Mistake: Women Headed for the Front Lines


The Pentagon has decided to lift a nearly two decade old ban on women serving on the front lines of combat. While women have seen combat, they’re not deployed directly on combat missions. Outgoing Secretary of Defense Leon Panetta is trumpeting the terrible decision:

WASHINGTON (Reuters) – The Pentagon lifted its ban on women in front-line combat roles on Thursday in a historic step toward gender equality in the U.S. armed forces after 11 years of nonstop war, during which the front lines were often not clearly defined.

Defense Secretary Leon Panetta and General Martin Dempsey, chairman of the Joint Chiefs of Staff, signed an order at a Pentagon news conference rescinding the rule that prevented women from serving in direct combat jobs.

“They serve, they’re wounded, and they die right next to each other. The time has come to recognize that reality,” Panetta said, noting that 152 women in uniform had been killed in Iraq and Afghanistan.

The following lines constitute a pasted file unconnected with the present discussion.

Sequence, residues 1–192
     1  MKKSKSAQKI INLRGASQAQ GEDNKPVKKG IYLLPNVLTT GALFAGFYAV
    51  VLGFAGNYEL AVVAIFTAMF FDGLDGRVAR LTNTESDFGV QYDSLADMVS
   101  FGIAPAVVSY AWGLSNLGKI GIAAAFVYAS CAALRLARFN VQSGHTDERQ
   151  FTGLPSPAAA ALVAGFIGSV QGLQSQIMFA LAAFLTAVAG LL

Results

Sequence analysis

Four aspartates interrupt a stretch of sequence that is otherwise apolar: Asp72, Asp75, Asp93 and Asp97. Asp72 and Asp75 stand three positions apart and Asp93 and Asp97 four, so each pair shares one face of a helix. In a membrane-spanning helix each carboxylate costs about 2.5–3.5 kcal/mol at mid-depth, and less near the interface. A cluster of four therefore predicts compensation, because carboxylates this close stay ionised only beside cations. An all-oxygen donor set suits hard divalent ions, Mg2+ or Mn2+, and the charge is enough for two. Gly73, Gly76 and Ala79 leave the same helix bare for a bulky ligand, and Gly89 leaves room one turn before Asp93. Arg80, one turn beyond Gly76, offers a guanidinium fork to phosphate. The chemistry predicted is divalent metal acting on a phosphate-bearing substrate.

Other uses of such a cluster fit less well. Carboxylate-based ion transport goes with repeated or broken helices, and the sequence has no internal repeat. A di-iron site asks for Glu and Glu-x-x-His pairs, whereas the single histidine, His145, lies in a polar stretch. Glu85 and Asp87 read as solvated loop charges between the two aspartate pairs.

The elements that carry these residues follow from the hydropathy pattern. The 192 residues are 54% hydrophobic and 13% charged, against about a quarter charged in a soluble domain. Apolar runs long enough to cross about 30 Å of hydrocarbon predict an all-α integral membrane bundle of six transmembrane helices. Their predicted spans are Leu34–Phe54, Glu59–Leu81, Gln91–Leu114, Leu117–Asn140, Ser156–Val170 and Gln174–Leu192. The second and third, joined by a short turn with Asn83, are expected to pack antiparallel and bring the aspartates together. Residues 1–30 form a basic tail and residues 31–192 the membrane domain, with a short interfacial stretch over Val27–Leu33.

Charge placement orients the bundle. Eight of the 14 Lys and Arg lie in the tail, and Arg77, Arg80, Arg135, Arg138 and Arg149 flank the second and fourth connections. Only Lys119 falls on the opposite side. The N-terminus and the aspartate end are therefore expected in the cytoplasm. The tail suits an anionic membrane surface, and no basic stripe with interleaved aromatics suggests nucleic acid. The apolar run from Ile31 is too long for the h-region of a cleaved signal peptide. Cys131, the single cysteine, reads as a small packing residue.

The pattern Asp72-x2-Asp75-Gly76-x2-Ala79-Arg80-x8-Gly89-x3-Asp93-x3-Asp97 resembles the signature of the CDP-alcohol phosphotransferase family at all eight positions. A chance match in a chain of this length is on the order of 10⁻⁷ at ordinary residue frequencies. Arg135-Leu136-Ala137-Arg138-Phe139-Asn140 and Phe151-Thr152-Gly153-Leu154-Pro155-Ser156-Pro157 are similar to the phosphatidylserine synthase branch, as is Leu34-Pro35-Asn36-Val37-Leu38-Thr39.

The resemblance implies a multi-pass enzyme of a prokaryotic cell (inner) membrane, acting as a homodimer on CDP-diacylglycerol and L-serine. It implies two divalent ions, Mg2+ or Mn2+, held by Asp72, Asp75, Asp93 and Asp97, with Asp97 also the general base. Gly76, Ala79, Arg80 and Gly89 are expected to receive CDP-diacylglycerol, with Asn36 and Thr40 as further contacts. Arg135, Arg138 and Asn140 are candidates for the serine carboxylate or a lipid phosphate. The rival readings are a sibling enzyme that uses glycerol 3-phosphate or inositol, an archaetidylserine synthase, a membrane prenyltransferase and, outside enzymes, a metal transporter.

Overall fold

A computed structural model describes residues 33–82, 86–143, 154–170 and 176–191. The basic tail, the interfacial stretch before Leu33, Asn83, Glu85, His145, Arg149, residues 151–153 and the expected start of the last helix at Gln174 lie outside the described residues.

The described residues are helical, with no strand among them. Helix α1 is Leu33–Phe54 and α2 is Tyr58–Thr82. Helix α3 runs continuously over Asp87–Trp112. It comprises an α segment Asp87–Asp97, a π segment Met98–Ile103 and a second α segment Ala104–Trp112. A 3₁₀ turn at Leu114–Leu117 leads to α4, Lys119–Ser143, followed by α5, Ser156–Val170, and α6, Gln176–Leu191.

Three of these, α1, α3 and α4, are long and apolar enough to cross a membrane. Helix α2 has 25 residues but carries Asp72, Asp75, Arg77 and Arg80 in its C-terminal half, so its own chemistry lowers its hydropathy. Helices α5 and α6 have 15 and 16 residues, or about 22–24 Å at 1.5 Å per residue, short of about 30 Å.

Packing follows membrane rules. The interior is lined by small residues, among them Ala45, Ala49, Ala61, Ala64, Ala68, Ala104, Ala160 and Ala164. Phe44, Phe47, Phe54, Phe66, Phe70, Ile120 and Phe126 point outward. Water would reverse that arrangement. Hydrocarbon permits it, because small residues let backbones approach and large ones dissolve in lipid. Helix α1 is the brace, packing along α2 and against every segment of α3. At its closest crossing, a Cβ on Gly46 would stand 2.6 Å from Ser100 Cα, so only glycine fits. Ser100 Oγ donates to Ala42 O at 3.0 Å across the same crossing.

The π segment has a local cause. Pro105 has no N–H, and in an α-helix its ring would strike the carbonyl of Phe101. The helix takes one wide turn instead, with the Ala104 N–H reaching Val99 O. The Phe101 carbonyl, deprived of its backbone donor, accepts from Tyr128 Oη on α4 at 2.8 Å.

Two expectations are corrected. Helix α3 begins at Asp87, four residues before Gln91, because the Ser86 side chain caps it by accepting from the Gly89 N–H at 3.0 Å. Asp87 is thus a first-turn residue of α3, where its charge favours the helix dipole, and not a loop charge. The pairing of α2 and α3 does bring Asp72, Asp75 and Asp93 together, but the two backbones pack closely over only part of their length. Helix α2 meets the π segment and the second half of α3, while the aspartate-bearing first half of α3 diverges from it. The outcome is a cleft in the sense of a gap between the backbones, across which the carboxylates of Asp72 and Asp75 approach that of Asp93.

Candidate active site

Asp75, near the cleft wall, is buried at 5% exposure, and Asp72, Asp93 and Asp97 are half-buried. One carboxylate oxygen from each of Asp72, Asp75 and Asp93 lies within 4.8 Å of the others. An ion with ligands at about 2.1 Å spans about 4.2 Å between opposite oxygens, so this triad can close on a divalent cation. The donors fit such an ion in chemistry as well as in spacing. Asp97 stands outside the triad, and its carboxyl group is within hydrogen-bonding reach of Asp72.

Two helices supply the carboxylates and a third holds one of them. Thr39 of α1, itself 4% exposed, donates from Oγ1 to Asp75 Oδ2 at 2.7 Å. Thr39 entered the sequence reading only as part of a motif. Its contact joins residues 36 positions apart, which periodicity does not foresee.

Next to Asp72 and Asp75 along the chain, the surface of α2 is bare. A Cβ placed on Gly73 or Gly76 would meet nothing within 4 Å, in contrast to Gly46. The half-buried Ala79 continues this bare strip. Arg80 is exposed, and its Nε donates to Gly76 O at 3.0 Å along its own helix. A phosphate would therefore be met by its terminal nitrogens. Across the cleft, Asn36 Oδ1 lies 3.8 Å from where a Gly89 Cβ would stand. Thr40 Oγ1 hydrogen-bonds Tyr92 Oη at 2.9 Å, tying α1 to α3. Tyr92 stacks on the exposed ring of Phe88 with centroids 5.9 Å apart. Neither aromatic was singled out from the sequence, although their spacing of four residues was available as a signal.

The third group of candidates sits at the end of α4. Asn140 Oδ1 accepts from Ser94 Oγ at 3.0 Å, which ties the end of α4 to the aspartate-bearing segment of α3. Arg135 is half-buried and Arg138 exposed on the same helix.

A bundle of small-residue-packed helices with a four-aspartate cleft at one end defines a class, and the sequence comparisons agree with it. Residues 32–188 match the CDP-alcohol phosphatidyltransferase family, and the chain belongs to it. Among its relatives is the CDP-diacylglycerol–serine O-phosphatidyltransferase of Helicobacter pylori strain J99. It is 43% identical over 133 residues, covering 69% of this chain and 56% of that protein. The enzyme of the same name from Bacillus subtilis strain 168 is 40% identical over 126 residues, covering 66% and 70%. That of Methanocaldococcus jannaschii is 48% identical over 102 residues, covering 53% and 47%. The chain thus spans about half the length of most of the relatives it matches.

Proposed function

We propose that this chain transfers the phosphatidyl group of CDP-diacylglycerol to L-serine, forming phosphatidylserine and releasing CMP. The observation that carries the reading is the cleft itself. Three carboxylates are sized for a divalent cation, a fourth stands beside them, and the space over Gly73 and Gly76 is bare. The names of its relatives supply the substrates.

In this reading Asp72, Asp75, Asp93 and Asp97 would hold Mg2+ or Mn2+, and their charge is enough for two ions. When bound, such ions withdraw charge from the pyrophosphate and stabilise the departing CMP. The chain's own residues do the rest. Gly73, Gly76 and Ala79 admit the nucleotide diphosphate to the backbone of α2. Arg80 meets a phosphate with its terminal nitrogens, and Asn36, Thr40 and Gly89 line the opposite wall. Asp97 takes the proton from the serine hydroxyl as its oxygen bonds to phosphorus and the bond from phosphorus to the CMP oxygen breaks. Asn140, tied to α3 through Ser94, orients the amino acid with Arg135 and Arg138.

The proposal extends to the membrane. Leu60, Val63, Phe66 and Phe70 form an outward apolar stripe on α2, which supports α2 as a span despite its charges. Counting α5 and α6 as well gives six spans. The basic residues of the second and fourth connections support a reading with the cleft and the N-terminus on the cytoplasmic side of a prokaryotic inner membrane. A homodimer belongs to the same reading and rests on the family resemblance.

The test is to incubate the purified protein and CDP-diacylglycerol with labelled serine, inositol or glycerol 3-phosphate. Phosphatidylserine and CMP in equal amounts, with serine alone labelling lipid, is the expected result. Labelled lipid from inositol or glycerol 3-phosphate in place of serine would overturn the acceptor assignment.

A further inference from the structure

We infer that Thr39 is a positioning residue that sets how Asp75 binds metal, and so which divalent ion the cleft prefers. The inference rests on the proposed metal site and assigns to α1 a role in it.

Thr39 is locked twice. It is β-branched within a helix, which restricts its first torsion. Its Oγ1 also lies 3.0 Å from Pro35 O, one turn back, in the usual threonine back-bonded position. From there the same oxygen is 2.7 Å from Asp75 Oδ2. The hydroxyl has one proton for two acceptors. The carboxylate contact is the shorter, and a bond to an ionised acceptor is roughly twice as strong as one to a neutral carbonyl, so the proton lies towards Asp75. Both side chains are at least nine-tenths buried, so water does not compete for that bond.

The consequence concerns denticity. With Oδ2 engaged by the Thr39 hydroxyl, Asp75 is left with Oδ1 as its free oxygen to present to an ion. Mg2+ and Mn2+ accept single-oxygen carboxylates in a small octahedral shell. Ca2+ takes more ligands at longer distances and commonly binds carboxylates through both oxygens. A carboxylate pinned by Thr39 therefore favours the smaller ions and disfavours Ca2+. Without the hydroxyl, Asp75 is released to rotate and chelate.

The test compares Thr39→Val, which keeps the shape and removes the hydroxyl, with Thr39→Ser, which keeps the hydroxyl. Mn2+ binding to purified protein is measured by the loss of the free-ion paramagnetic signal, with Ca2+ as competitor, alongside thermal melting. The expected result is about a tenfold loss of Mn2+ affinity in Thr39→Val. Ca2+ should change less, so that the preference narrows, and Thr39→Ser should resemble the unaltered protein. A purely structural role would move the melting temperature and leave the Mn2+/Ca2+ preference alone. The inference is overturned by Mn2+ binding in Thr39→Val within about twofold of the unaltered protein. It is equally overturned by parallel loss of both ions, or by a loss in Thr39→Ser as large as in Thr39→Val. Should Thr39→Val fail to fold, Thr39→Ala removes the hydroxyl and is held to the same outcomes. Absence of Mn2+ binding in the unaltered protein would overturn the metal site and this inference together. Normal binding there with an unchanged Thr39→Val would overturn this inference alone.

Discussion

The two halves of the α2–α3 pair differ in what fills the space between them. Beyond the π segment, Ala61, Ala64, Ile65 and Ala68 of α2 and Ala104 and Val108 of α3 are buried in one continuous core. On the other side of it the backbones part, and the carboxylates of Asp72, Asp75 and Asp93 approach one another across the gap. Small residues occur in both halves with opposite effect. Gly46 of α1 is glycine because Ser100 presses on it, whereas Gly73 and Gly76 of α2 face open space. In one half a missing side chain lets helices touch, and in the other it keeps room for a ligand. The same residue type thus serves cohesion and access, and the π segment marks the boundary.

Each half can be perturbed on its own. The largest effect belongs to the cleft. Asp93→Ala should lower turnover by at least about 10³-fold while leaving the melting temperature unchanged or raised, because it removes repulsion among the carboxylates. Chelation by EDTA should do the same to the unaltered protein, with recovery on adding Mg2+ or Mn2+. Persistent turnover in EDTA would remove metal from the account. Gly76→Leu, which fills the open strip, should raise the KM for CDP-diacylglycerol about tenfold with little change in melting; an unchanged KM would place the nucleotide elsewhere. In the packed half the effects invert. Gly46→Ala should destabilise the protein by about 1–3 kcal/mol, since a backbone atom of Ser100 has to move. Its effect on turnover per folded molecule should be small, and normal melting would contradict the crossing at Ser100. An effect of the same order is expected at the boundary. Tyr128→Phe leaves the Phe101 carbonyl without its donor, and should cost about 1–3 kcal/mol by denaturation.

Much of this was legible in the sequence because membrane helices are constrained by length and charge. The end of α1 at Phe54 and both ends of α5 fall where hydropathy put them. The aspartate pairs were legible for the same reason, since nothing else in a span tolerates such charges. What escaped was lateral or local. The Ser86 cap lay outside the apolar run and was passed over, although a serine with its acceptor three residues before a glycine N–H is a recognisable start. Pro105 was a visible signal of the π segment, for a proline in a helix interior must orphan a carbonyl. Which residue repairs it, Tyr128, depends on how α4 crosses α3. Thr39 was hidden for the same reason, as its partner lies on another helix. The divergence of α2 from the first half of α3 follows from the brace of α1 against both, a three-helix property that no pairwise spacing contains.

Panetta is right to note the casualties, and is right to praise the role of women in our military. That doesn’t mean, however, that it’s time to lift a logical ban and put our nation’s military in a precarious situation. The simple fact of the matter is, and people hate to admit this, the sexes aren’t created equal. Unless military women are going to be held to the same physical standards as men, and they won’t be, they shouldn’t be in direct combat situations.

A fellow service member is trapped under a collapsed wall. In this hypothetical situation, what if a man would be strong enough to rescue them, but a woman wouldn’t? It’s plain physiology that very few women are stronger than the average man. I hate to argue from this position, but the differences in the sexes are between nature and God, and no order from the Secretary of Defense will change that.